Algarrobo is known for the world’s largest swimming pool. It’s a kilometer long, covers 20 acres, and contains 250 million liters of filtered seawater from the Pacific Ocean. It’s hard to justify the existence a pool so huge that maintenance costs run to almost $4M USD annually. Nevertheless, it’s worth checking out.

The worlds largest swimming pool Algarrobo


Algarrobo is also the place you go to stock up on food supplies. We went to a market near the gas station to pick up some fresh fish for the grill. Fish merchants there will fillet you a whole fish in a matter of seconds. They put on a great show, slicing it down quickly with two massive knives.


Time killed outside is time well spent

The following morning, we set off to explore the area and get our hands sandy at the main attraction. The enormous beach we found at the end of the road exceeded all our expectations.

Panoramic ocean view from Tunquen community

We spent a few afternoon hours occupying ourselves with some silly stuff. Some practiced their bouldering skills on slippery, algae-covered rocks:

Climbing on the slippery rock at Tunquen playa

Then ran around scaring the crap out of the seagulls:

Scaring off the birds on the playa de Tunquen


Nothing would stop the bravest and the strongest of us from experiencing an early-spring swim. (The quantities of beer consumed the previous night should also be taken into account.) Chile’s coastal waters may be turquoise, but don’t get fooled thinking that they’re warm. The average water temperature is 12C / 56F year-round. Anyone would find this refreshing. This beach also features a very strong rip current, so it’s necessary to be cautious about venturing into the open sea.

Swimming at la playa de Tunquen

Some would take clever pictures of the cave hole:

Circling cave openning

And others would shoot a silly photo of the clever photographer:

Silly photo of a clever photographer


My wife got inspired by Steve McCurry’s photography and produced some close replicas:

Steve McCurry replica

Dragging giant kelp around was also fun. It weighs much more than one would expect. No wonder, since there is so much healthy stuff in it 🙂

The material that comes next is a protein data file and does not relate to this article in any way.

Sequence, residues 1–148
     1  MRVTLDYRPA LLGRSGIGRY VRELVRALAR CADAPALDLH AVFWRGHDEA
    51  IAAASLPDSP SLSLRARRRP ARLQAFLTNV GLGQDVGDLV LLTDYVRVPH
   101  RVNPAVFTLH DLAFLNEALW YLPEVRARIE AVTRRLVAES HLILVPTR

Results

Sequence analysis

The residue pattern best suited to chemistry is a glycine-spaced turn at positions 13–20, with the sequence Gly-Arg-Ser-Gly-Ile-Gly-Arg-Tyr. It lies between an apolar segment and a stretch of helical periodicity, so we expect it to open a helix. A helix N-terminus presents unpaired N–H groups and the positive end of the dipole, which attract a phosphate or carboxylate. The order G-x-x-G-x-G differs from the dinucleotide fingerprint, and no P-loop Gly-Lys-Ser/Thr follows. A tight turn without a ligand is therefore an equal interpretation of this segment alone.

Caring kelp around

The Chilean coast is famous for its sea kelp, also known as cochayuyo or simply cocha weed. Locals harvest it and then sell it restaurants, where it’s turned into one of the most delicious salsas I’ve ever tried. The best batch I’ve had was at Pepi restaurant at Punta de Lobos, near Pichilemu.

There’s no shortage of cochayuyo in Chile. The stuff practically comes crawling out of the water.

Giant kelp on the beach at Tunquen


It was very amusing scaring my friends by pretending that the kelp was moving around like a sea creature, beached on shore but still alive. Just look at these priceless facial expressions 🙂

Scare moving giant kelp


That was one of those perfect weekends, getting out of Santiago, having fun and getting energized from nature. At the end of the day, you just sit on a rock, enjoying the surf break, dreaming of how cool would it be to live right here on top of this cliff.

Sitting on the rock at playa Tunquen


Do you have any stories to share about your own unexpected discoveries?

An epic day trip from Buenos Aires to Colonia del Sacramento in Uruguay


Restaurant at the plaza Colonia Del Sacramento Uruguay Whether you come for a day, a week, a month, or a year, there are always plenty of things to do in Buenos Aires. Always.

With its museums, theaters, operas, parks, festivals, street performers dancing the tango, wildly diverse architecture, cafés serving amazing postres (desserts) and restos serving world-class steaks, Buenos Aires will fill in your calendar 100%. Still, there are reasons you might desire a complete change of scenery.

In fact, there are at least two major reasons, each with the same simple solution. Just hop on a ferry for the one-hour ride across Río De La Plata, to Colonia del Sacramento in Uruguay.